“In another four European Union countries (Italy, the United Kingdom, Greece and France) the projected deficit, while remaining below 3 per cent of GDP, is well beyond the safe budget margins which might reasonably be expected to ensure that the 3 per cent deficit limit would be respected in the face of a major cyclical downturn.” (OECD Economic Outlook, June 2007)

It’s saying that, if there’s a downturn, there’s a chance the UK’s deficit might go above 3 percent of GDP. As it turned out, two years later it was at 11 percent.

This chart shows what the OECD now thinks the UK’s structural deficit was in 2007 compared with what it said at the time.

Screen Shot 2014-09-11 at 10.17.01

So they now reckon it was about twice as bad as they told the government in 2007. Then again, look what they said about Greece.

Were our financial institutions any the wiser? Here’s what they told the Treasury in the run up to the 2008 budget.

Screen Shot 2014-09-11 at 10.21.16

A bit of a slow down, then. Growth rates a bit below those we have been used to recently. Perhaps another period similar to 2001 and 2002. Six months after the collapse of Northern Rock, even the most pessimistic didn’t predict anything close to what actually happened. As the OBR says:

Other official bodies were also relatively sanguine about the financial and economic outlook. The Bank of England said in its May 2008 Financial Stability Report:

“The most likely outcome for financial stability in the United Kingdom in the period ahead is that conditions improve gradually as measures are taken.”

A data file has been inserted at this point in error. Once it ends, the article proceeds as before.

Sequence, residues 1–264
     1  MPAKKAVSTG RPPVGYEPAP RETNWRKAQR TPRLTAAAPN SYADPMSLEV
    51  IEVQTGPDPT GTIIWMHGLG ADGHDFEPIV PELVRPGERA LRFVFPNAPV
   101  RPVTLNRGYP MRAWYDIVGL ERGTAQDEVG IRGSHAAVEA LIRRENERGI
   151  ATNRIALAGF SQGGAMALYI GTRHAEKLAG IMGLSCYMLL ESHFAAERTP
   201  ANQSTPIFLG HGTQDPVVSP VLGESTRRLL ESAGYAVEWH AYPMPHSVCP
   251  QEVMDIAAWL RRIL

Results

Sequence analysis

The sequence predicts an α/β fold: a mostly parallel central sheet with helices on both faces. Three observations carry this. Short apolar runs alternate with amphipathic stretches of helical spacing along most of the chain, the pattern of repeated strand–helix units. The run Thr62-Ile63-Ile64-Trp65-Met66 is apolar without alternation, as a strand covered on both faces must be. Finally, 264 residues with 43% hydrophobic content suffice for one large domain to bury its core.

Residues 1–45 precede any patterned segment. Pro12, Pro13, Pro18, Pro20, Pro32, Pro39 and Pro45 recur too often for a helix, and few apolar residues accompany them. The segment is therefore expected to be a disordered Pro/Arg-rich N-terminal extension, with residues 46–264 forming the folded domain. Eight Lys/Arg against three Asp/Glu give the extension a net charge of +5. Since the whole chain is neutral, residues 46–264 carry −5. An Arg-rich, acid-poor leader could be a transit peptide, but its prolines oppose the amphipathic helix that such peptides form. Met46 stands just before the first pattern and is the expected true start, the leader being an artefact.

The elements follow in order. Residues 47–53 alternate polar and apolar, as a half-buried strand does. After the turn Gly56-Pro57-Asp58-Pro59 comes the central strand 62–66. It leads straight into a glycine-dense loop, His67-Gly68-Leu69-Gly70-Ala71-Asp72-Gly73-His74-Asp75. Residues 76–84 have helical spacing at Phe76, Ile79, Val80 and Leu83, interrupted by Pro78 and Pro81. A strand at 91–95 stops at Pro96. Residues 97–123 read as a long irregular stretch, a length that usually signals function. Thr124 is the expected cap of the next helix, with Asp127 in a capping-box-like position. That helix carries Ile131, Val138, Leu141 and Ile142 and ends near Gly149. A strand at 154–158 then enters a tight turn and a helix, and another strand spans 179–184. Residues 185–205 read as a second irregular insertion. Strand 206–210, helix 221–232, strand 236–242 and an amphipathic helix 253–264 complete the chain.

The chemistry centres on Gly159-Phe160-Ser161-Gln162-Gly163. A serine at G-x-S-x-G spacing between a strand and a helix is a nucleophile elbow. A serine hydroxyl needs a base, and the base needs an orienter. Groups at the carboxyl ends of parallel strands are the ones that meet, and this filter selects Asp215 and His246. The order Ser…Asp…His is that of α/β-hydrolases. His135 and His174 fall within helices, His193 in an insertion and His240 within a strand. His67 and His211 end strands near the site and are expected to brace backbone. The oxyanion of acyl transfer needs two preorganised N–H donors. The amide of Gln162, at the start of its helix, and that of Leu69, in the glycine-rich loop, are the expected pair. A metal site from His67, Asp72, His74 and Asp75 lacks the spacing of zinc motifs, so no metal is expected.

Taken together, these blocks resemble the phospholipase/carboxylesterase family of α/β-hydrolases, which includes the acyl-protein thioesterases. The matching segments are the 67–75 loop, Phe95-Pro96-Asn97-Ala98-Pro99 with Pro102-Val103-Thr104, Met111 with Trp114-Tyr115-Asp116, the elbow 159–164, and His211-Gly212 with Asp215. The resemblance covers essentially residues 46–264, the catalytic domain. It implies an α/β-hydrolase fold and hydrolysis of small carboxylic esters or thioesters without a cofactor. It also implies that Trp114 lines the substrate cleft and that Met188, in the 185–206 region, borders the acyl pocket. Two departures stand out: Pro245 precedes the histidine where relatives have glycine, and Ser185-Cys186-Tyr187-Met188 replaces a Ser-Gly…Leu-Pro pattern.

And the International Monetary Fund said in its April 2008 World Economic Outlook:

“In the United Kingdom, growth is forecast to slow to 1.6 percent in 2008, as the lagged effects of the 2007 monetary tightening, a turning in the house price cycle, and the financial turbulence are projected to slow activity, despite monetary policy easing. Only a moderate recovery is foreseen for 2009.”

The IMF predicted a mild recession in the United States, with the rest of the G7 avoiding recession.

Another six months on, Alistair Darling made what looked like a throwaway remark in a Guardian Weekend interview.

The economic times we are facing “are arguably the worst they’ve been in 60 years,” he says bluntly. “And I think it’s going to be more profound and long-lasting than people thought.”

It was the late summer bank holiday. I remember reading it up at my parents’ house and saying, “Are you sure Alistair? What, worse than anything since the war? Come on…” By the time I got back to work, I’d forgotten about it.

I wasn’t the only one who was not convinced, though John Band’s “poo on a stick” piece dismissed the Chancellor’s comments with the most aplomb. Even among the government’s opponents, the reaction was curiously muted. Most of the reporting at the time seemed to focus on the reaction of Gordon Brown and whether the government was split, rather than on whether or not Alistair Darling was right.